Philatelic Terms Illustrated - G to Z
Starting in the late 1960's many African countries began printing their high value stamps from gold foil which had the design embossed in whole or part. Some of these were produced from 100% foil, while others, like the above stamp from Upper Volta, which is now known as Burkina Faso, were printed on paper which had a coating of gold. These were largely eschewed by traditional collectors at the time they first appeared, with the result that many are quite scarce today.
Hinge and Hinge Remnant
Until acetate mounts and pages with glassine and acetate strips became widely available in the 1960's, the only practical way to display stamps in an album was to "mount" them using hinges. Hinges were made of little rectangles of gummed paper, usually glassine, that were attached to the stamp on one end, and to the page on the other. Of course, moistening the hinge and applying it to the back of mint stamps would leave a mark on the gum of the stamp that cannot be completely removed, though there are experts who are able to cleverly disguise such marks for a fee.
Oftentimes, the hinges are not completely removed from stamps that have been lifted from albums, resulting in what collectors call a hinge remnant - that little piece of the old hinge left behind on the gum, as shown in the scan above. The reasons for leaving the remnant on the stamp are varied. Sometimes removing the hinge can damage the gum and a decision is made to leave it in place. Other times it is left out of laziness. A large number of collectors do not like stamps with hinge remnants. Why? There are usually two reasons:
1. Very heavy hinging with multiple remnants can buckle the stamp so that it does not lie flat on the page. Many collectors find that to them, such a stamp simply does not look as good.
2. Hinging can sometimes be used to hide certain faults like thins or tears. Hinges from the early 20th century were usually made of thick, opaque paper, and were hard to remove. This made them ideal for hiding tears and thins by "patching". It is not uncommon to find several examples of patched used stamps in collections from the turn of the 19th to 20th centuries.
My belief is that there is nothing wrong with a hinge remnant, provided that the hinge is a glassine hinge that enables you to see that no damage is being hidden underneath. Where the gum is very fragile and prone to peeling right off the stamps if the hinges are removed, it is definitely preferable, in my opinion, not to attempt to remove the hinges, and to just leave them the way they are.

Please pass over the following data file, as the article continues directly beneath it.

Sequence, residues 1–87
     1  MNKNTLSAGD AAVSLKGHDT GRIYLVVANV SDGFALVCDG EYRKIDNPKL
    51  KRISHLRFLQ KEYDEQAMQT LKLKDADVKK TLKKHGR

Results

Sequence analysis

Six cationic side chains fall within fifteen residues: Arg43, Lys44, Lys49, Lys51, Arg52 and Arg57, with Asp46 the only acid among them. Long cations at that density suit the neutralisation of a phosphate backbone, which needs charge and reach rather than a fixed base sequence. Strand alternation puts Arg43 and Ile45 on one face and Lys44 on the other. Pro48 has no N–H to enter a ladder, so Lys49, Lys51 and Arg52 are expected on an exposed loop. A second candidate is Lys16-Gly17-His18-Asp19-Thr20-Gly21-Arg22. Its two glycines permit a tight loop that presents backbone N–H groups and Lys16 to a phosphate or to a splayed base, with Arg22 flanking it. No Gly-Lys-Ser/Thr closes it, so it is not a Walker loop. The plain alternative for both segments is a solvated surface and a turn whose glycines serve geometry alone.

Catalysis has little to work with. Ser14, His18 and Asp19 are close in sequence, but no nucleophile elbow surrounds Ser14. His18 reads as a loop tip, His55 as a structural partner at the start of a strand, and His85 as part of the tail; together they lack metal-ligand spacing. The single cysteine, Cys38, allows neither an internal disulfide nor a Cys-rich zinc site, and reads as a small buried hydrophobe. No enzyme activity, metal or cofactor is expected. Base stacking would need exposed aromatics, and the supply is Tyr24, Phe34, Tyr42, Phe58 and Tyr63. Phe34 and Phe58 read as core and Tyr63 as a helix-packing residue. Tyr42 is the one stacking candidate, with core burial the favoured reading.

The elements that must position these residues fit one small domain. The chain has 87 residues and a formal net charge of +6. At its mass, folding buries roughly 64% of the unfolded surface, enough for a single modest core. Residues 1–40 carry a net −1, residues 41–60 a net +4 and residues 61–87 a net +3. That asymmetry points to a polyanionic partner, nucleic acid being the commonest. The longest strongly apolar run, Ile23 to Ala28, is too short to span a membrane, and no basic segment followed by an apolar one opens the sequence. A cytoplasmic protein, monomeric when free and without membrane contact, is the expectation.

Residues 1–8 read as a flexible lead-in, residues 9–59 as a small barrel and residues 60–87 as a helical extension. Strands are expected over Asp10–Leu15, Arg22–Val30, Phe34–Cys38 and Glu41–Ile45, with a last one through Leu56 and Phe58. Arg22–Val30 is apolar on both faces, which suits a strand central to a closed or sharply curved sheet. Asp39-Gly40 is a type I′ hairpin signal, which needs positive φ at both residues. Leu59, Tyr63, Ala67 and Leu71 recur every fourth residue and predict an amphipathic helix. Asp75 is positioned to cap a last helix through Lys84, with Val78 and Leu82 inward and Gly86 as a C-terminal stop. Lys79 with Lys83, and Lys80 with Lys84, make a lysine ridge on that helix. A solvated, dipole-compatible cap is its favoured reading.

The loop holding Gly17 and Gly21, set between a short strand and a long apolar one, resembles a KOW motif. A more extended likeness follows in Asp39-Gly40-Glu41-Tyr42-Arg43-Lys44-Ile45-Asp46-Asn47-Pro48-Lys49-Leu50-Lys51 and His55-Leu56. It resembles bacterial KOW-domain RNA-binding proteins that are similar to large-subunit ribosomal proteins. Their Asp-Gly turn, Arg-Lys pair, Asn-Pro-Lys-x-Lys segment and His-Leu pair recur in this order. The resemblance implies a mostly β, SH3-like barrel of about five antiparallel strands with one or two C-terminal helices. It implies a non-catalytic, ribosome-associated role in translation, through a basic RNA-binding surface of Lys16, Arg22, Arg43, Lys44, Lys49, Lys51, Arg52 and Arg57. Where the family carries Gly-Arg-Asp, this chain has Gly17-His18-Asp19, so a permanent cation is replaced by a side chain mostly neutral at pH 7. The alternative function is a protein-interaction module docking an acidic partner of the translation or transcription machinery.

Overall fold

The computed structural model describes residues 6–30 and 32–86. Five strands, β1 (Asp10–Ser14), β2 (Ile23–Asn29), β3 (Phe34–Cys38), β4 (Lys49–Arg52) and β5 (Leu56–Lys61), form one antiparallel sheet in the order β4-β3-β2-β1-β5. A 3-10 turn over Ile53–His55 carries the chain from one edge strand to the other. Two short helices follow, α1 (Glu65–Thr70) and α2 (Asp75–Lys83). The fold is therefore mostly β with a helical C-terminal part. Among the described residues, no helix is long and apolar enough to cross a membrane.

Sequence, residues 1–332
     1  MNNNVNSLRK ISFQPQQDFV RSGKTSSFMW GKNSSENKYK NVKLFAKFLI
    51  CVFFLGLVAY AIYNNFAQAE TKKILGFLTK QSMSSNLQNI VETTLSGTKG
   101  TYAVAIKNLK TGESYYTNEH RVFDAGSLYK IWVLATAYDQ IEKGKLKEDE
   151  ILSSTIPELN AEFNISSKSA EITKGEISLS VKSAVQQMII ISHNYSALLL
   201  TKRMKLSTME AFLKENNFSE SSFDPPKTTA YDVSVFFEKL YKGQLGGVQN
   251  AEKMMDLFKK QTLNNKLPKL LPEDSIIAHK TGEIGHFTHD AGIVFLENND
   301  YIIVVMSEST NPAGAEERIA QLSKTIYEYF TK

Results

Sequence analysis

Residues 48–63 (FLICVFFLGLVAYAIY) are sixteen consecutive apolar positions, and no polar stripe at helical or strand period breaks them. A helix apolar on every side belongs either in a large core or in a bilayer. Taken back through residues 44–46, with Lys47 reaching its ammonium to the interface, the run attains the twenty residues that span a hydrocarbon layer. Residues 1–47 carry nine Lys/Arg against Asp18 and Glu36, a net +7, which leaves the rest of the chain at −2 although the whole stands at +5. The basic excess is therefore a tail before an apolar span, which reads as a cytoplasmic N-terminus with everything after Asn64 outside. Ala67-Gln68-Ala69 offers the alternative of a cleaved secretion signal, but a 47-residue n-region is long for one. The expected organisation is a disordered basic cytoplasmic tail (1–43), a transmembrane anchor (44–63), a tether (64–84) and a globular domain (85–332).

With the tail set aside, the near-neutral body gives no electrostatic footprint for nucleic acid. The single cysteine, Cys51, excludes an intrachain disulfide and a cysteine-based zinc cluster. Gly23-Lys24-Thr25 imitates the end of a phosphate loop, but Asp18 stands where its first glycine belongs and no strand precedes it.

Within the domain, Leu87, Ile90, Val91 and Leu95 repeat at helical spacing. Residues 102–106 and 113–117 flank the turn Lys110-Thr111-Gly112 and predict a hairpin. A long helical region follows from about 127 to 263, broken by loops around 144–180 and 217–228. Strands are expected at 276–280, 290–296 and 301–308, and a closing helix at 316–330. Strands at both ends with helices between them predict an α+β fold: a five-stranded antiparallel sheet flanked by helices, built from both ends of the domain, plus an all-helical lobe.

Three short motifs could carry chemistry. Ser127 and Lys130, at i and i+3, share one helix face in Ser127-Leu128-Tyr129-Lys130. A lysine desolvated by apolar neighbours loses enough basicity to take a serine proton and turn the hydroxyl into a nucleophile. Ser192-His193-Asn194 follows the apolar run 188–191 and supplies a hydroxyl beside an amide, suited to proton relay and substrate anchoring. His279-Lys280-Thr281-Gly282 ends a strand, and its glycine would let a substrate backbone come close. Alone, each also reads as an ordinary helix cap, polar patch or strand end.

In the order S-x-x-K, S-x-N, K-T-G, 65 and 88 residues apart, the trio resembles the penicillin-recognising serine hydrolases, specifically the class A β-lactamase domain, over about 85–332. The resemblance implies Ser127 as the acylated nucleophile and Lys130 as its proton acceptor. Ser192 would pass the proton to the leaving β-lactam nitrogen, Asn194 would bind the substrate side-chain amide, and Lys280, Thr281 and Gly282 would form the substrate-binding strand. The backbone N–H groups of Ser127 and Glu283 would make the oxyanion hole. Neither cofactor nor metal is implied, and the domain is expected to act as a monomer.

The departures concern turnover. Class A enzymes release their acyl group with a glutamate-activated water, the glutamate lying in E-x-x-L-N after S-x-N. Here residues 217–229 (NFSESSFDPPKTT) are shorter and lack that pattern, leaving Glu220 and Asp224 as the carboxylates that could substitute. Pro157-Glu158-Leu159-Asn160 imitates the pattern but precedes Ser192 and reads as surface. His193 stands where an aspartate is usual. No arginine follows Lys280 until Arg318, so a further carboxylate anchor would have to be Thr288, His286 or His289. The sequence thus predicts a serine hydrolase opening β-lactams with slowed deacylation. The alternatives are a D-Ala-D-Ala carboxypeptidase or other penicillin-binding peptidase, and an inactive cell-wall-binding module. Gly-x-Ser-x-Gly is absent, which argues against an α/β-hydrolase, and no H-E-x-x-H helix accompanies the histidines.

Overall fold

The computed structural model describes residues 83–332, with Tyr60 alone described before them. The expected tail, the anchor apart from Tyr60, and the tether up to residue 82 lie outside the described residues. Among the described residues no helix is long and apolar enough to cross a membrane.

Stamp designs used to be printed one design per sheet, with all stamps in a sheet being exactly the same. Starting in the 1950's many issues, usually commemoratives, consisted of three of four designs, which would all be printed in rotation on the same sheet. These are called se-tenant designs. They are not uncommon in mint condition, but properly used se-tenants on cover, used in the proper period of time (i.e. when on sale at the post office) are some of the most challenging items in modern philately.
The above scan shows the 2000 "Stampin the Future" issue, which consisted of four se-tenant designs.
A souvenir sheet is a small sheet consisting usually of fewer than 10 stamps, which has a very large decorative border. These sheets were first issued just before World War I, and have continued to increase in popularity over the years. Originally the sheets issued in the 1920's and 1930's were generally only available at philatelic exhibitions and you could only buy one sheet with one exhibition ticket. As a result the issue quantities of early souvenir sheets were quite low and these are worth a lot of money today. By the 1960's most souvenir sheets are only worth a small premium over the basic stamps contained in them. Once again, mint sheets are not uncommon, but used ones on cover, used when on sale are rare, and highly desirable.
Special Delivery Cover
Squared Circle Cancellation
Starburst or Sunburst Cancel
A surface cover is one that traveled exclusively by land and sea. Surface was the standard method of transmission until airmail became popular and affordable in the 1950's. However, airmail did not become the standard method of transmission until the 1970's, with surface still being offered as a less expensive option. Today, surface is generally not available in many countries for lettermail, though it is often still offered for parcels.
Envelopes sent by surface were generally not marked, though sometimes "by sea" or "sea mail" will appear on the envelope. Most of the time though, the only way to identify a surface cover, particularly for modern covers, is to know the postage rates. Quite often, pre-printed airmail envelopes were used for surface mail, such as in the case of the above cover to the Canary Islands. This can mislead the unwary collector into thinking that the cover went by air when it did not.